Most helpful critical review
4 of 4 people found the following review helpful
Excellent sentiments; needed strong, unsentimental editor.
on June 6, 2012
I agree with almost everything Gary Haugen says in this book. In the late 1980s and early 1990s, I worked to combat forced prostitution in Asia myself, from the same motives, though far less effectively than International Justice Mission has done.
I especially appreciate Haugen's call for the use of just, legal force against oppressors, and his sober recognition that preaching or moral pieties are not enough to combat entrenched evil. Amen!
Haugen is a decent writer, and when he describes his own experiences, his story can be poignant.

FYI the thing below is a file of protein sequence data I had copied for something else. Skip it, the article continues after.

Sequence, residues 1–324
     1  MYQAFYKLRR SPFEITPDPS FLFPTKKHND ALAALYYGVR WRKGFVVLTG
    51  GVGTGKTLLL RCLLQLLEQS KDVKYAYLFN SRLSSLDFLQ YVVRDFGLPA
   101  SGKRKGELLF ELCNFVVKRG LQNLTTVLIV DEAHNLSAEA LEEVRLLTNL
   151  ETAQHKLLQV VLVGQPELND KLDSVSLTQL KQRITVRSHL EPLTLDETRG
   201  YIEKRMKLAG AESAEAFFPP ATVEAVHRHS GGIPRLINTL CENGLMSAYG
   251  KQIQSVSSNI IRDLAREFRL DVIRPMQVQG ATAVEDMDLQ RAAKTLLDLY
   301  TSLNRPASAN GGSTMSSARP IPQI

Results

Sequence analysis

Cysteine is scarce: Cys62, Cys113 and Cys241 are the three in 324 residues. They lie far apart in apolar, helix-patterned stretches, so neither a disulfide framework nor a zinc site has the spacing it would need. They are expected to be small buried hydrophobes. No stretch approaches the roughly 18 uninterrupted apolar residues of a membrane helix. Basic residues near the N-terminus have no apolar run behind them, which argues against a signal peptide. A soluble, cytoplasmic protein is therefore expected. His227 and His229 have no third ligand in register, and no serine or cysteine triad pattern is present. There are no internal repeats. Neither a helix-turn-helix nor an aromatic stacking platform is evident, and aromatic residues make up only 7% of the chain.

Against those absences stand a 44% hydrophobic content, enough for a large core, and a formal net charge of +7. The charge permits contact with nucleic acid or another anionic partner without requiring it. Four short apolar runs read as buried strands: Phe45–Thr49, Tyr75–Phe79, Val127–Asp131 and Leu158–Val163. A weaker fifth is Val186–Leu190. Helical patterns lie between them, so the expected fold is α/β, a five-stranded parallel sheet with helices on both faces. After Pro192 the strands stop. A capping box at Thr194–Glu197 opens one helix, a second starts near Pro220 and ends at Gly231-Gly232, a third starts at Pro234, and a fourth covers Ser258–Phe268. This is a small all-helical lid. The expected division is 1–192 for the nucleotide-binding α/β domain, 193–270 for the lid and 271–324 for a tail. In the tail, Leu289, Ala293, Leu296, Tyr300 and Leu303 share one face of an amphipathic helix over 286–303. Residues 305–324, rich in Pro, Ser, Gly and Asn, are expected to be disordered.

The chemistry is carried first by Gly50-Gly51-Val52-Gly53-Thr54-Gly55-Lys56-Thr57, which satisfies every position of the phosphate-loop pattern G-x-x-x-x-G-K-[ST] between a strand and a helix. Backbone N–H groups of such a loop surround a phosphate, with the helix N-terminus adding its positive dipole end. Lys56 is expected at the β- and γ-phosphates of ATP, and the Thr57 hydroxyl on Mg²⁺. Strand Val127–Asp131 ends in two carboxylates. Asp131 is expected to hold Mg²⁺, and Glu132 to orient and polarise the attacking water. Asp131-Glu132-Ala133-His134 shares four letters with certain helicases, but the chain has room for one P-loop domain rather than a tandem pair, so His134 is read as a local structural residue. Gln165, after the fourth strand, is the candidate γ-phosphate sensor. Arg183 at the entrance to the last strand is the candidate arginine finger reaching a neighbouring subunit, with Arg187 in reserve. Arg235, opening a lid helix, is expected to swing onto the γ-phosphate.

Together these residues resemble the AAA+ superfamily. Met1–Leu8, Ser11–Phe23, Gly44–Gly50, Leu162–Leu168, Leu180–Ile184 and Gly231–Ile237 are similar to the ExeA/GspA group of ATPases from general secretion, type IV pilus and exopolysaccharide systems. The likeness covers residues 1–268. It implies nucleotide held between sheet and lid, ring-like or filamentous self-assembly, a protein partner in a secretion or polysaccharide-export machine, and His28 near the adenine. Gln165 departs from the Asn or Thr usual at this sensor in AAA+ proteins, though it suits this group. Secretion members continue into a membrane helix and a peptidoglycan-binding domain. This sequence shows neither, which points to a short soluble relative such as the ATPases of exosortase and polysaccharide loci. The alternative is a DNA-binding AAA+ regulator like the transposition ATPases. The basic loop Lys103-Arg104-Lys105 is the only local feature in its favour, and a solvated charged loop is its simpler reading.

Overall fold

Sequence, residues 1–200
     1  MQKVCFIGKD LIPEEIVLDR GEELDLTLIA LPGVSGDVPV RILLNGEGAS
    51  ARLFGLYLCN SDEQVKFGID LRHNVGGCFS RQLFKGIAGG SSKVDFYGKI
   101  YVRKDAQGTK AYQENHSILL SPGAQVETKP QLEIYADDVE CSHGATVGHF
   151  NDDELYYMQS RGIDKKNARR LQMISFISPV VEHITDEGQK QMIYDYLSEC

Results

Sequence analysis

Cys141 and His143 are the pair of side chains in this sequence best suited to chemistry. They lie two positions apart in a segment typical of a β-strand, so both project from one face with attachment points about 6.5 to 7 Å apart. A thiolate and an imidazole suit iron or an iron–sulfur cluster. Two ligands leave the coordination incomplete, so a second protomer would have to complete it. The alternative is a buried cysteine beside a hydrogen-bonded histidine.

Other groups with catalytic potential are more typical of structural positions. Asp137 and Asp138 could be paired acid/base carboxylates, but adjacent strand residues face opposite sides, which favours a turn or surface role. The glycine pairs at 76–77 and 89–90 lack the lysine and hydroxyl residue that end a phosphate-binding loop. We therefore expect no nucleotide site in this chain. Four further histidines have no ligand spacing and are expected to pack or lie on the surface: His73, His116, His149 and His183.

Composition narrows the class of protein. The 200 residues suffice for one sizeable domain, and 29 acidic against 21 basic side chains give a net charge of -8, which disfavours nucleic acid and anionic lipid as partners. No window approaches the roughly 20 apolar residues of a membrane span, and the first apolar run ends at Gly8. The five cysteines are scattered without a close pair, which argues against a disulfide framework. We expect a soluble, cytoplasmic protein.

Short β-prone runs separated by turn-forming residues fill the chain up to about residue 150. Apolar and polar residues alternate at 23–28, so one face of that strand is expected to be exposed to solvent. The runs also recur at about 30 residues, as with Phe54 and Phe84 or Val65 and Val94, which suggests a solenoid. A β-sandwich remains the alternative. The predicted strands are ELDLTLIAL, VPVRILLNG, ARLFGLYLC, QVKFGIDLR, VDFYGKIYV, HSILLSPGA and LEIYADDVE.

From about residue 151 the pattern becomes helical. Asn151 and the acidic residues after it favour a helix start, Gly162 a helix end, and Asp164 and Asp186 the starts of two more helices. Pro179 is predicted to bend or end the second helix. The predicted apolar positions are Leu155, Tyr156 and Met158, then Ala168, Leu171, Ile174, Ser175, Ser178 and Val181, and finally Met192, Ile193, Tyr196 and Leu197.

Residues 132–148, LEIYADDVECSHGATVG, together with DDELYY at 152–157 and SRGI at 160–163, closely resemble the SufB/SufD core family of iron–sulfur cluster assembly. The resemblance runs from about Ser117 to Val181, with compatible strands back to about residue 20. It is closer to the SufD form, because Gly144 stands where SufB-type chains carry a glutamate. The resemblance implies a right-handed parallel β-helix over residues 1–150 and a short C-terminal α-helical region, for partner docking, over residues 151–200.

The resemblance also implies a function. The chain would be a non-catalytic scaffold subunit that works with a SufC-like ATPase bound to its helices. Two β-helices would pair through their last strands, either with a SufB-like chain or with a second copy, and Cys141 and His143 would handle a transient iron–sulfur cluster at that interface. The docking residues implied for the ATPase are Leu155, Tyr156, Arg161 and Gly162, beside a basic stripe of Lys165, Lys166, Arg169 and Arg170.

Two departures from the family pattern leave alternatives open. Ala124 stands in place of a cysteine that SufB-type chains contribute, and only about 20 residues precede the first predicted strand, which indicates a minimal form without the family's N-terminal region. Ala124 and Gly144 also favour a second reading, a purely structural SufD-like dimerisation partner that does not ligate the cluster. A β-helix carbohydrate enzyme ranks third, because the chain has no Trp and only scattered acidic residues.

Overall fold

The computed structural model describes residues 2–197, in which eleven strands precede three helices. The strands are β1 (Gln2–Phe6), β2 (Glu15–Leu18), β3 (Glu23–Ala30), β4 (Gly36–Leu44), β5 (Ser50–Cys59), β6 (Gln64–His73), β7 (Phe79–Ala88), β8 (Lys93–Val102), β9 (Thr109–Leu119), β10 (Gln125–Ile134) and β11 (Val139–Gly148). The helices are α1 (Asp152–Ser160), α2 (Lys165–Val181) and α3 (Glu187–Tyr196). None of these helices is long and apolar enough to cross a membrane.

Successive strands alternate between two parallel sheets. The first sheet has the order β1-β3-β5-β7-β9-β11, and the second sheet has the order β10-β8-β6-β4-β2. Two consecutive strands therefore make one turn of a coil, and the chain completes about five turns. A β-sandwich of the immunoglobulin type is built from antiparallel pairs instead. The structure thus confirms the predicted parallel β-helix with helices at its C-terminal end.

The problem with this book is that someone needed to hold Haugen's feet to the fire and insist that he "show it, not say it." He tells you the principles, again and again. He tells you the facts in the abstract. He explains his own reaction. But there are just not enough on-the-ground, contemporary pictures of the problem, or of the solution, to make the book as effective as it should be, at least from my perspective. I understand Haugen may be loath to say too much, for legal reasons, or to protect the innocent. But in my opinion, the book suffers from too much abstract theology, even if practical and truthful abstract theology, not enough living examples. Since I already agreed with the theology, had in fact arrived at it probably before Haugen himself, the book was very good in stretches, even inspiring, but also repetitive and often too theoretical, at least for me. But I wanted to know more about what was going on. Obviously many other people felt differently, for which I'm glad, because this is a critical ministry, for which I am grateful.